Table of Contents




Three Walks around The Tower of Babel


How Rosetta Got Stoned


While I hold some traditional views on scholarship, I love to use new technology. Each semester, my students send me copies of their essays, reports, and term papers as email attachments. Having some decent virus-checking software on my system and the campus server, I’m not afraid of viruses in their documents but I often find that there are problems in formatting and file translation. For example, when some students send me documents written with Microsoft Works, the office suite that comes bundled with many low-budget computer systems, I have trouble reading their files in Microsoft Word or Corel WordPerfect. Others send me documents created on Macintosh systems. A few students feel very artistic and send me documents that have truly weird fonts. I know that my students worked hard and I know that some of them simply can’t afford to buy the same kind of software and hardware that I own. How can we get around this problem?

In the "bad old days" (ca. 1968) all we had was plain-vanilla ASCII (MS-DOS) text. This 127-symbol set contained the basic letters of the alphabet, the numerals, most punctuation marks, and a few other symbols. Later, ASCII was extended to 256 characters to add some foreign punctuation marks, foreign characters, and mathematical terms. ASCII doesn’t contain any page formatting symbols or any fancy fonts. While it’s not pretty, it’s the lowest common denominator and it works on virtually every operating system and virtually every text and word processor. So, when all else fails, students can save their documents as ASCII text and they can either send me these files as email attachments or they can paste their text into the main body of their email messages. However, we can use solutions that are more elegant.

A more sophisticated solution can be found in the use of Rich Test Format (RTF). This standard was designed to provide a bridge between Microsoft and Apple Documents. In recent years, RTF has appeared in such Linux and UNIX applications as the Open Office Suite. In general, RTF documents translate well across different computer platforms and across different word processors. Most students can send be RTF files. However, RTF files are very large and they start to waste a lot of bandwidth and storage space. You can reduce the size of RTF files by compressing them to ZIP files but that adds additional steps for the student and for me.

Perhaps the most elegant solution can be found in Adobe Acrobat Portable Document files (PDF}. This approach was developed in the early 1990’s by Adobe, a former division of Apple Computer. The idea was to develop a format that would look the same on all computers. This can be achieved by taking the output created on an author’s computer and sending it to virtual printer program, Adobe Acrobat, as if it were to be printed on another printer. The Adobe program then creates a PDF file that can be read by another program, the Adobe Acrobat Reader. By now, anyone can go to Adobe’s website (www.adobe.com) to get a free, downloadable Acrobat Reader program for any version of Microsoft Windows, all versions of Apple’s operating systems, and for personal digital assistants such as the Palm Pilot. PDF files use a very efficient compression scheme that can reduce the files sizes to about 10% of their original size without any loss of information. Hundreds of thousands of pages of text can be stored on a CD or flash drive. Because PDF’s don’t consume valuable web bandwidth and time, nearly all web browsers have plug-ins that enable users to read PDF’s through their browsers.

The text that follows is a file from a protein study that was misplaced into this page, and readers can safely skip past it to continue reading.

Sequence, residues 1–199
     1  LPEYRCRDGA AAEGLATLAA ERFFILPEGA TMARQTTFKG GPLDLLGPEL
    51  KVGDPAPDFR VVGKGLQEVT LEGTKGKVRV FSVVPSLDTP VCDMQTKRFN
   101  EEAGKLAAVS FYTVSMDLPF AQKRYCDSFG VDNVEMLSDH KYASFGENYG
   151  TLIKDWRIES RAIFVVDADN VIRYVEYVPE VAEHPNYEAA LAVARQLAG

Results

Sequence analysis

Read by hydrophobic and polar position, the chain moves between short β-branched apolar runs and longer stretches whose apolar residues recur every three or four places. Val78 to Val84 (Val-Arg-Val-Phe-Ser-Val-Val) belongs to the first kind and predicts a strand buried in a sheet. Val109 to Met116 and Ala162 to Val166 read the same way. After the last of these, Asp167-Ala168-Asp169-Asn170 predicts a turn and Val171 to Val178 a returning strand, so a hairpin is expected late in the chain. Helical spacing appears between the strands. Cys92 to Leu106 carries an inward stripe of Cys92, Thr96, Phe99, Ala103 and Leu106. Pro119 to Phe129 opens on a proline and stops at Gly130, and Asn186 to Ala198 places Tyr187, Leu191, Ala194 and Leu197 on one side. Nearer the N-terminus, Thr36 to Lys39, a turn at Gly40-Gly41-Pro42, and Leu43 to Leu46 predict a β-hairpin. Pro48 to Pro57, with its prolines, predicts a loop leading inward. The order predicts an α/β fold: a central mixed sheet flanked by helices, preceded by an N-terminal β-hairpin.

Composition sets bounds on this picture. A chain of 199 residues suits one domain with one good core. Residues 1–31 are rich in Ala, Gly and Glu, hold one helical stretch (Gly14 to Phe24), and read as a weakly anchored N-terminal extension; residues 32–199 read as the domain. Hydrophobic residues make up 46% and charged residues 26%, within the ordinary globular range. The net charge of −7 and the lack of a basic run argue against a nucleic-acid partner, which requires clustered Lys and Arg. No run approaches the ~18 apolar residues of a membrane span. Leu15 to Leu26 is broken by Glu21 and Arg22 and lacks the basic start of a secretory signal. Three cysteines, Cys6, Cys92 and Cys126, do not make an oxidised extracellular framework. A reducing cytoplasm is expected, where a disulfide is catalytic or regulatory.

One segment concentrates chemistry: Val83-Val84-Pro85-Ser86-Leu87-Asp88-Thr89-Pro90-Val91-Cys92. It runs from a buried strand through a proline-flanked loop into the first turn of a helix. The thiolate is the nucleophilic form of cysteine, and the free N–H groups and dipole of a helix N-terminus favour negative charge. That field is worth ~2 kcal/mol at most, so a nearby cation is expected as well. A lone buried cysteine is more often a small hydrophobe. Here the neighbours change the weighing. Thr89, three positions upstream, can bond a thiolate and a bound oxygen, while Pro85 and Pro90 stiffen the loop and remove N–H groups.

PDF’s have become the worldwide standard for most government documents, most article reprints, and most computer program user’s manuals. You might ask, then, why everyone doesn’t create and read Acrobat files. Well, as the old saying goes, "There’s no free lunch." Remember, I said that the Adobe Acrobat Reader is free and that it can be downloaded from Adobe’s website (www.adobe.com). However, to produce Acrobat documents, you will need to pay for some proprietary software. There is no program called "Adobe Acrobat Writer." If there is, then it’s hidden either in the basement of the Alamo or in Jimmy Hoffa’s grave. Instead, Adobe, a very profitable company produces the full program, Acrobat, which costs anywhere from about $100 (Academic upgrade, single user license) to thousands of dollars for corporate site licenses. If you can afford it, the program is actually a bargain.

Many of our students can’t afford a full-fledged legal version of Acrobat. Fortunately (I bet you knew we’d say this), there are some alternatives. Some office suites, such as Corel’s WordPerfect and the (free) Open Office Suite have built-in abilities to create PDF’s. Therefore, users of these package pay nothing extra, There also are some freeware programs, such as the free programs PRIMOPDF (www.primopdf.com), PDF Creator ( (http://sector7g.wurzel6.de/pdfcreator), CutePDF Writer (http://www.cutepdf.com/), PDF4Free (http://www.pdfpdf.com/pdf4free.html) and the shareware programs, PDF995 (www.pdf995.com), and PDF4U (http://www.pdfpdf.com/pdf4u.html ) that provide low-cost strategies for creating PDF files. Of course, none of them has the versatility of a full-fledged Abode system.

Therefore, although, we can be using different computers and different programs in different places, we can share the same documents. Let the words flow!



Last Update:06/26/2007


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